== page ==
My journey with breast cancer began during the summer of 2012 following my annual mammogram. I was contacted within 10 minutes to immediately go to the hospital’s radiation department for a second, more enhanced image of both left and right breasts. As with several of my previous mammograms, it was not unusual for me to have a follow-up scan, but those were usually just one side, turned out benign and disappeared on their own. Soon came the news that biopsies were necessary for both sides. This was a very minor procedure but waiting for the results seemed like an eternity for my husband and me. I finally received a call from my doctor’s office to consult with him regarding the results.
While sitting with my doctor, I said to him, "I hope you have good news for me." His reply as he looked at me over his tiny reading glasses was: "I wish I did. One side is negative; one side is stage 2 IDC (invasive ductal carcinoma) with possible lymph node involvement." That moment will forever be imprinted on my mind. After hearing the cancer diagnosis and taking a deep breath, I asked him what the plan was.
The doctor’s office set me up within days to meet with the surgeon who would perform a lumpectomy – a surgical operation in which a lump is removed from breast tissue – on my right breast. Once we met with him, I was completely entrusted in his care and felt very comfortable that I was in good hands.
There is no way to completely prepare yourself for the upcoming "journey." It is personal, it is individual and at times, challenging. I never felt sorry for myself or asked myself, "Why me?" I was just driven to find any and all information I could access because knowledge is power, and I had a fight ahead of me.
Bracing for the unknown
The following weekend, I was the guest of honor in a flotilla, adorned with breast cancer flags on each bow that went up the Penobscot River in my home state of Maine to a Susan G. Koman Breast Cancer 5K race to raise money for breast cancer research. My mind was trying to process everything that had already happened and what was to come. I was honored to be sponsored by my friend and her two daughters in the race. We were greeted on shore by hundreds of people cheering us on as we approached the dock. It was an overwhelming and emotional experience for my husband and me. I have never felt so supported and comforted than I did by the speakers sharing their own journeys with the crowd. My husband and I just stood there holding each other, emotional about what the future might hold. It was a very heartfelt beginning for my fight.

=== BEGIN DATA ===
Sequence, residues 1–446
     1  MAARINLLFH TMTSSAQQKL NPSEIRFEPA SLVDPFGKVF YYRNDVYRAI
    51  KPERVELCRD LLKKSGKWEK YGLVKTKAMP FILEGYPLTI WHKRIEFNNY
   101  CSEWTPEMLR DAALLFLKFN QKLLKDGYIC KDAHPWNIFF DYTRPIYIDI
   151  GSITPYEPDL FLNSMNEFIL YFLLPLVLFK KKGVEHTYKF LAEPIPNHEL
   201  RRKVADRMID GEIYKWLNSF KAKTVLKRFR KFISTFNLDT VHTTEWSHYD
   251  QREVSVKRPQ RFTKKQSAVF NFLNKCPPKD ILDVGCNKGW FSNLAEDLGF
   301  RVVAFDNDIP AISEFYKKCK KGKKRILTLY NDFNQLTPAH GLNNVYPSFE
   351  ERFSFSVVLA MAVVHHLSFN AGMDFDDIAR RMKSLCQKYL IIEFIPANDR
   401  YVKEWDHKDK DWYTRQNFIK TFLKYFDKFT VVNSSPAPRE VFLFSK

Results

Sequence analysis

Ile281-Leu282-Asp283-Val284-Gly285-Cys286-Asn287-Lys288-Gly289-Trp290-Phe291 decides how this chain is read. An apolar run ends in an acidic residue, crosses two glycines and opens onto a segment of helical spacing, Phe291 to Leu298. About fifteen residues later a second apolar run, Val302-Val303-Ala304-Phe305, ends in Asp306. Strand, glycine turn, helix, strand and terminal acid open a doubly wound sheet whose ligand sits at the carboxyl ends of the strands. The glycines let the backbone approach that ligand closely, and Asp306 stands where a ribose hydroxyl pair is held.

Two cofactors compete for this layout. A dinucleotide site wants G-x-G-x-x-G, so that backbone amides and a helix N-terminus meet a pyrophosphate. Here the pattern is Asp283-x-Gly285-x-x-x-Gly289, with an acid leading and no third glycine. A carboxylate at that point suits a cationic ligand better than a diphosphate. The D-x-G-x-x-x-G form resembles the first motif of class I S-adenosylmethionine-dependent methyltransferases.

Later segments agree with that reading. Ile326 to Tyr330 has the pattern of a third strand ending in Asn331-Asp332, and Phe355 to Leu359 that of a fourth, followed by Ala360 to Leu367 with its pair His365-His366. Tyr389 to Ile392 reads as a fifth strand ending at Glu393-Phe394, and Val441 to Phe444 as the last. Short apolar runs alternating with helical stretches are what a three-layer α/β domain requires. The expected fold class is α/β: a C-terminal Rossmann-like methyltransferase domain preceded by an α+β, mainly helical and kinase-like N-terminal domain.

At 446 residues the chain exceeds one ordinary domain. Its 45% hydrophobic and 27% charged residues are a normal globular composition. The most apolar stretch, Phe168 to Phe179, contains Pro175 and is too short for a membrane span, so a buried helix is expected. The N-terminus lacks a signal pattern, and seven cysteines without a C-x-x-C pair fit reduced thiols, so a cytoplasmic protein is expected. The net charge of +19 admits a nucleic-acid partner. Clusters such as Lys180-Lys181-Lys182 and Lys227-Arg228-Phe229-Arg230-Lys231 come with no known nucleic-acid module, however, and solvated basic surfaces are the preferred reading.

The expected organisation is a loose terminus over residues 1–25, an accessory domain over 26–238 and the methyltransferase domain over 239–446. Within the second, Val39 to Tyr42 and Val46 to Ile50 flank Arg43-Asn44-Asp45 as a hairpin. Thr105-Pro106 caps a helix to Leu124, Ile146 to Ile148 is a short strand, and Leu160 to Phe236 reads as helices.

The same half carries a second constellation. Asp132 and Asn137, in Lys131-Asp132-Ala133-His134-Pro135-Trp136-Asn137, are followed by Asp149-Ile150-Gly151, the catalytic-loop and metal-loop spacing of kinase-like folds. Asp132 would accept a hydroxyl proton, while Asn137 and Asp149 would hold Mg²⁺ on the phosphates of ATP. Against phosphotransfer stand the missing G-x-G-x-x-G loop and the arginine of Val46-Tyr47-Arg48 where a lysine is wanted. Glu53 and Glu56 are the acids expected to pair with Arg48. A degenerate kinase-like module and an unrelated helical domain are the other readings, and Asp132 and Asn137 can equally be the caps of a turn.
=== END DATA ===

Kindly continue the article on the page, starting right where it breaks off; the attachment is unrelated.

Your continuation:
On the morning of my surgery, I took a hot shower and paused for a moment to prepare myself for the worst-case scenario of a possible total mastectomy versus a less invasive lumpectomy. I said an emotional "goodbye" to my right breast just in case. I was determined to beat this monster inside me no matter what it took.
The ‘red devil’
Following my surgery, I was connected with the Cancer Center of Maine (CCOM) and told about my aggressive chemotherapy treatments that would be spread over the next two years, followed by many weeks of daily radiation.
My first regiment was with a concoction of adriamycin (doxorubicin), nicknamed "The Red Devil," one of the most potent chemotherapies to date that slows or stops the growth of cancer cells. When my nurse brought the first dose to me in a huge syringe, it was the color of candied cherries. I was advised about its toxicity, and the nurse administering it wore personal protective equipment (PPE) from head to toe. Just one drop of the mix can cause severe burns. That is what would soon be coursing through my veins. Knowing all of this, I was apprehensive about how it was going to make me feel and its aftereffects. Due to its caustic nature, she had to gradually ease it into my IV line for safe administration. Because the liquid is kept at room temperature, it felt cold as it was slowly injected into my bloodstream. I could feel the flush in my veins as I started my fight.